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Seniors, Their Pets, And Heat-Related Illness

photo-blog-heat-stroke-pets-part-2-man-with-dogAs seniors becoming increasingly more ill and disabled, it becomes more difficult for them to care for their elderly pets.  Their elderly pets require greater care needs with the development of chronic illness, pain, incontinence, and difficulty getting around. 

Non-medical agencies like AA Care Services can assist the senior citizen to meet the basic care needs of their pets, such as providing and changing food and water, taking dogs for a walk, and grocery shopping to purchase food for the pets.  The Agency Caregiver can meet safety concerns of the senior citizen by accompanying both the senior citizen and the pet on walks.

The Caregiver will ensure that the walks occur during the coolest time of the day, in shaded and even surface areas, and take plenty of water to drink.

Symptoms of heat stress in cats and dogs.

Dogs release heat through their mouth by panting and increased drooling.  When their bodies are becoming overheated their panting will increase with thick sticky saliva, their tongue will be bright red, and there may be vomiting and diarrhea, weakness with staggering gait and sluggishness.

Cats that are experiencing heat stress will also pant with drooling, and may even groom themselves in an effort to cool off.  You may also witness restless behavior as your cat tries to find a cool spot. In a shady cool area cats may lay completely stretched out with paws exposed photo-blog-heat-stroke-pets-part-2-cat-layingattempting to cool off.  When your cat is experiencing dangerous heat exhaustion symptoms you may see redness of the tongue and mouth, vomiting, lethargy, rapid pulse and breathing, and stumbling gait.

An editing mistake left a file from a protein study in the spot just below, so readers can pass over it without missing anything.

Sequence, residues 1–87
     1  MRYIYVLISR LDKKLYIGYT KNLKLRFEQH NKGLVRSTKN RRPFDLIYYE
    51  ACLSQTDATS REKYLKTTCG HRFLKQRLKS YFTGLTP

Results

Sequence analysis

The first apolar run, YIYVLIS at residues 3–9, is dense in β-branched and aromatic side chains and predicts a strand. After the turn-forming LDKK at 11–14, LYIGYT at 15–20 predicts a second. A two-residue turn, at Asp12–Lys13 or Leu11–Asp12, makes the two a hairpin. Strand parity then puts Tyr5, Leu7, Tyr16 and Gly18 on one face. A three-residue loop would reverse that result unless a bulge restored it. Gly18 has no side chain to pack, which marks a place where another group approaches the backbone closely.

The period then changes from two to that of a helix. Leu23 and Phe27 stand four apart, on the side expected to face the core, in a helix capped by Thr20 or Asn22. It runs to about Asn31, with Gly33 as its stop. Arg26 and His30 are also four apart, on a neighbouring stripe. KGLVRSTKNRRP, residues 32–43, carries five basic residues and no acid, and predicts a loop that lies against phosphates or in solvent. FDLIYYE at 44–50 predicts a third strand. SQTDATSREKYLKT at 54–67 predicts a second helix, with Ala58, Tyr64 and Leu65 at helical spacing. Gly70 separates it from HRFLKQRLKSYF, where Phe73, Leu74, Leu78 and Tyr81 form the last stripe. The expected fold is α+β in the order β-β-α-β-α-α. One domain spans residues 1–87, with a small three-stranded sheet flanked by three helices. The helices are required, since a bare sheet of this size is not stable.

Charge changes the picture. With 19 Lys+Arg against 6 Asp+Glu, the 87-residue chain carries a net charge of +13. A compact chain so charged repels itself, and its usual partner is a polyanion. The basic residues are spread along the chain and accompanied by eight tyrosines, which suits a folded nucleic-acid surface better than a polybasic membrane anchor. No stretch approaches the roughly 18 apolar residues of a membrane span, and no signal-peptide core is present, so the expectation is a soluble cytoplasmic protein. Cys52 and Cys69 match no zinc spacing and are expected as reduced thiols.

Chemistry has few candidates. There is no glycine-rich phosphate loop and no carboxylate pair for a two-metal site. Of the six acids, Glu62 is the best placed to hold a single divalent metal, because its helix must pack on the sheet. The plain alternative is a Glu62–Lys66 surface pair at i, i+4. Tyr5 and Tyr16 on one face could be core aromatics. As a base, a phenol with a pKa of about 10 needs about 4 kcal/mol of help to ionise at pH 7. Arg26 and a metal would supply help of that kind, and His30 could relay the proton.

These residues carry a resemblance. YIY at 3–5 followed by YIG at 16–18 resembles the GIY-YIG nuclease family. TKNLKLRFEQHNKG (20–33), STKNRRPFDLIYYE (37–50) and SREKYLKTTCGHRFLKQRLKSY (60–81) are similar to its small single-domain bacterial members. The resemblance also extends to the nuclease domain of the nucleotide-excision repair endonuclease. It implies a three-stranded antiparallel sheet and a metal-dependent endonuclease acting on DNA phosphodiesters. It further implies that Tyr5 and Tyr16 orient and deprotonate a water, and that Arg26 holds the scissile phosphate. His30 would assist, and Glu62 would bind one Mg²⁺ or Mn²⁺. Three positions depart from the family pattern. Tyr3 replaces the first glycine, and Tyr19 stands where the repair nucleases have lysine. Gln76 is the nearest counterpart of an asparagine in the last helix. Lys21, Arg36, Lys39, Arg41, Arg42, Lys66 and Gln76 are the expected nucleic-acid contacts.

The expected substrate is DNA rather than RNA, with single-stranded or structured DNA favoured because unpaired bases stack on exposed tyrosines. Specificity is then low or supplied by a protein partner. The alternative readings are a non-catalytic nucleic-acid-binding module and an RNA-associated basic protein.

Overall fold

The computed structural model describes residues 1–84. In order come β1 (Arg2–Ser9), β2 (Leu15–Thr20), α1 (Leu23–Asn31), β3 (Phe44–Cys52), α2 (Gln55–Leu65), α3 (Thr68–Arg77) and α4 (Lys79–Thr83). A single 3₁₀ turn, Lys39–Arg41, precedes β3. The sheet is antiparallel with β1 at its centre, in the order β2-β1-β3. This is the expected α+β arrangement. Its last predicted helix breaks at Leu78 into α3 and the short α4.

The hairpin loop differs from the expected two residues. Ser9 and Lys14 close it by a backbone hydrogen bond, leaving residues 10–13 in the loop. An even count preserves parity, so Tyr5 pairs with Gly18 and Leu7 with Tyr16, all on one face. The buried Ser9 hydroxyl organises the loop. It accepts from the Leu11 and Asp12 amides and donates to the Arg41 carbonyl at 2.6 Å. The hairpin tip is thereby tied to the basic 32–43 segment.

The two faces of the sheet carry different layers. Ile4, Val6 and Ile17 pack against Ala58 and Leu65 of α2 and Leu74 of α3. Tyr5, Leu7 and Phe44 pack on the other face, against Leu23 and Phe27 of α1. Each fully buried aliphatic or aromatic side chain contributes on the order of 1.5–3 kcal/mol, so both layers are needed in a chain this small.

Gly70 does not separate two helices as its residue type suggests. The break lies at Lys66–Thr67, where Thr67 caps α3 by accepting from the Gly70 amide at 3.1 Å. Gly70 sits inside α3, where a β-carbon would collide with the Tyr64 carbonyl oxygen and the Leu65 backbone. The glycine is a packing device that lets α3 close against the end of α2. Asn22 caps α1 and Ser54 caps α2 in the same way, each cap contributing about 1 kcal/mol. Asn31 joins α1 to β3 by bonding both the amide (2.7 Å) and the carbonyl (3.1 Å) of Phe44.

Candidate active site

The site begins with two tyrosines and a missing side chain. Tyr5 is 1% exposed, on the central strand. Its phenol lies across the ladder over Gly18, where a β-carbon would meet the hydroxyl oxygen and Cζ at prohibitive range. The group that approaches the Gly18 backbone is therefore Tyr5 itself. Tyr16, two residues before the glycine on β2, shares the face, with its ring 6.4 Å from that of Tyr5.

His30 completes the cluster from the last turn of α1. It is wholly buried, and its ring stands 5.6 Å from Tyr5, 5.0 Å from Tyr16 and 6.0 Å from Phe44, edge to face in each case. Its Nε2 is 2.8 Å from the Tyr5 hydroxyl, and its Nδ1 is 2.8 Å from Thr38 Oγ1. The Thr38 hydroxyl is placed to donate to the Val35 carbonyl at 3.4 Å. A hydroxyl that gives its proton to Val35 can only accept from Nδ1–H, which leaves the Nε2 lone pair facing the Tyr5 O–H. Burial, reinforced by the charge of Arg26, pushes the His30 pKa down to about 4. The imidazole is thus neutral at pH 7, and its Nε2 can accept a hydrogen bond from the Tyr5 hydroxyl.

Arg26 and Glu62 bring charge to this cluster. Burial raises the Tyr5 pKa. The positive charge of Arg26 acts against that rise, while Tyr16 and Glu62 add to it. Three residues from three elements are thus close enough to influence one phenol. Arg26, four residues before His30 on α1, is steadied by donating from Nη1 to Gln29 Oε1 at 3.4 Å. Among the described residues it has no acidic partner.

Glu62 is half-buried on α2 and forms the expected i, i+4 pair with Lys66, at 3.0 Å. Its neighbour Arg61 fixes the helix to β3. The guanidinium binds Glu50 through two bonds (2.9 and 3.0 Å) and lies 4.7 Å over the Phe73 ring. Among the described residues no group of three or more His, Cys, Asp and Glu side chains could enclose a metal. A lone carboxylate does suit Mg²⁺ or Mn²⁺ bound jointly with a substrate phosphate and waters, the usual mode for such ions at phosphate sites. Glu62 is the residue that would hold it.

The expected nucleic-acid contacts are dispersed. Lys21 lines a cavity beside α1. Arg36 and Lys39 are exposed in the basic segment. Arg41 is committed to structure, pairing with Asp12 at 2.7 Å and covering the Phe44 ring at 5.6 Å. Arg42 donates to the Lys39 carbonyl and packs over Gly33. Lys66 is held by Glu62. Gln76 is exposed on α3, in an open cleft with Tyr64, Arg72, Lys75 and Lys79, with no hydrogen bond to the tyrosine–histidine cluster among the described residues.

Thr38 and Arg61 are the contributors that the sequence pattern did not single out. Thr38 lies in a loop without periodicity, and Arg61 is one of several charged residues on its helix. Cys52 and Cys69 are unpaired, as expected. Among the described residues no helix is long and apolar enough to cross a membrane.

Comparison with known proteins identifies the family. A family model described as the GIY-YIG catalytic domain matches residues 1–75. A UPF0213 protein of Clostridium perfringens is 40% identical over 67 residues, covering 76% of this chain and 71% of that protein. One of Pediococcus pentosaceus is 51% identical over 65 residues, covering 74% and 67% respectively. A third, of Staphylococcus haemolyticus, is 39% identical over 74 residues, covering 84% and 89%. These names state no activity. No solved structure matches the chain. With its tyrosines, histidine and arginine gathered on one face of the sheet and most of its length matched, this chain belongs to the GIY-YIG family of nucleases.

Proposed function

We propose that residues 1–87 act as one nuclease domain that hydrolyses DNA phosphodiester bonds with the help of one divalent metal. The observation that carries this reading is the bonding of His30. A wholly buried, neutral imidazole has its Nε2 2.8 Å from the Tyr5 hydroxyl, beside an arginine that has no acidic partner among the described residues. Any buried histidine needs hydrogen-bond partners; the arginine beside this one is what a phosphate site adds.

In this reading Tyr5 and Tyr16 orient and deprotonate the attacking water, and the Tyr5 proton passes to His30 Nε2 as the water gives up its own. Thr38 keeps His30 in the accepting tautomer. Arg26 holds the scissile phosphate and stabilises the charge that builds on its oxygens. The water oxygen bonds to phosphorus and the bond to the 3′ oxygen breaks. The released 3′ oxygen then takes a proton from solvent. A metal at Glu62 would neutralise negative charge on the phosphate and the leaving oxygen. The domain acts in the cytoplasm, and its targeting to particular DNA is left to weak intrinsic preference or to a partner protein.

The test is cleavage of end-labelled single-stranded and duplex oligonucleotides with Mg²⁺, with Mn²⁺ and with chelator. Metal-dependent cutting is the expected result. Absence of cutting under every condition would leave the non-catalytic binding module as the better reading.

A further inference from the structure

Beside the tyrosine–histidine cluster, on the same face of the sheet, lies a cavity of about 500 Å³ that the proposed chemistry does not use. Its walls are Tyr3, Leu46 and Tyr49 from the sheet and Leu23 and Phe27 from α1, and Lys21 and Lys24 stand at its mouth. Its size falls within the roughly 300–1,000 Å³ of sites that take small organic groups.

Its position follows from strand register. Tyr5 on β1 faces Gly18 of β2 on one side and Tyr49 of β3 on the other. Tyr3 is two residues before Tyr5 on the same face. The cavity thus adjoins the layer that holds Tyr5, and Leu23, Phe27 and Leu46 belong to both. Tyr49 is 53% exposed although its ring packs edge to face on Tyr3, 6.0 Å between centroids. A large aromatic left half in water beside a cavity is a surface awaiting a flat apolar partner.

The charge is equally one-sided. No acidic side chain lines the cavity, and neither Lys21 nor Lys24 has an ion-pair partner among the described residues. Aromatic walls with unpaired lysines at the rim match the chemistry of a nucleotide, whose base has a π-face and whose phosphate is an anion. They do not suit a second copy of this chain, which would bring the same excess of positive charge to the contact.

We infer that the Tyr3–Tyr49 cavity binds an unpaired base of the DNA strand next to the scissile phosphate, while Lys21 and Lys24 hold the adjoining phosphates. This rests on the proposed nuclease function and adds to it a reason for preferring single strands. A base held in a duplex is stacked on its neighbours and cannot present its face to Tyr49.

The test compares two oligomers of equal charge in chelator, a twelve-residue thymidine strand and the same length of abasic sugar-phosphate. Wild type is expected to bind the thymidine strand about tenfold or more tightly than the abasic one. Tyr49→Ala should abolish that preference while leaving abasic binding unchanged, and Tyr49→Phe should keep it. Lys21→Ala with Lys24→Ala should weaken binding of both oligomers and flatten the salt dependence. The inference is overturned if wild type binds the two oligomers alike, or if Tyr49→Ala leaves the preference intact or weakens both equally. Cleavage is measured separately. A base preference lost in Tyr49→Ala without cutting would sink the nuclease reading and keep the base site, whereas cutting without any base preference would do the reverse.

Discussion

If untreated the pet will collapse, may experience internal organ damage have seizures and ultimately lapse into a coma or die.  Just like in humans a temperature of 105 or greater can cause death.

 

Treatment of heat exhaustion in cats and dogs:

If your pet is in a critical state, unconscious, immediately drive them to your veterinarian, and en route place ice packs on their belly, neck, and head.

If your pet is conscious, move your pet to a cool shady area, or indoors with air conditioning. Try to lower your pet’s body temperature by placing them in a tub with cool water (not cold) as you could cause hypothermia. Be careful not to get water in their nose or mouth. You can apply ice or bags of frozen vegetables to the head, neck, belly, and between the legs. Offer the pet cold water to drink, and let them drink as much as they want.  Then take your pet to the veterinarian, as they may need further intravenous hydration and medication.

Awareness of the causes of heat related illness can save your life, and your pets!

Want to find out more?

Best Friends Animal Society
Helping Seniors Keep Their Pets

PetMed
Heat Stroke in Cats

San Antonio Humane Society
Summer is here – Heat related illness

The Whole Dog Journal
Prevent Your Dog From Suffering Heat Stress This Summer

Helen Trowsdale, President of AA Care Services, is a nurse administrator with over 30 years of experience as a BSN, psychiatric nurse, and geriatric care manager with adults as well as pediatrics in hospitals, private duty home health care agencies, and residential home health care. Her team of caregivers are dedicated to serving their clients with home care in San Antonio, New Braunfels, and Austin; providing clients with consistent, quality care while minimizing the number of caregivers in the home. Learn more about AA Care Services.

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